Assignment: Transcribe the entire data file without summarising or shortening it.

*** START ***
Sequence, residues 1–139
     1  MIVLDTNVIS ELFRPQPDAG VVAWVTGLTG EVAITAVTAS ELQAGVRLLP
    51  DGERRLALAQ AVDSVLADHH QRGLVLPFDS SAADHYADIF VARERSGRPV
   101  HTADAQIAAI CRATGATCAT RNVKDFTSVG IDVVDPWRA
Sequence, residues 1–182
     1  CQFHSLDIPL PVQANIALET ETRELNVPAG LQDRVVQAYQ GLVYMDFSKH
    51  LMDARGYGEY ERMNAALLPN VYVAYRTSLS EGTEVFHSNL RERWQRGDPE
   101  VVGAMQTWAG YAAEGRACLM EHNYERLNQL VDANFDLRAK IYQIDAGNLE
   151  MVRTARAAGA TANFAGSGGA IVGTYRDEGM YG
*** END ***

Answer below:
Sequence, residues 1–139
     1  MIVLDTNVIS ELFRPQPDAG VVAWVTGLTG EVAITAVTAS ELQAGVRLLP
    51  DGERRLALAQ AVDSVLADHH QRGLVLPFDS SAADHYADIF VARERSGRPV
   101  HTADAQIAAI CRATGATCAT RNVKDFTSVG IDVVDPWRA
Sequence, residues 1–182
     1  CQFHSLDIPL PVQANIALET ETRELNVPAG LQDRVVQAYQ GLVYMDFSKH
    51  LMDARGYGEY ERMNAALLPN VYVAYRTSLS EGTEVFHSNL RERWQRGDPE
   101  VVGAMQTWAG YAAEGRACLM EHNYERLNQL VDANFDLRAK IYQIDAGNLE
   151  MVRTARAAGA TANFAGSGGA IVGTYRDEGM YG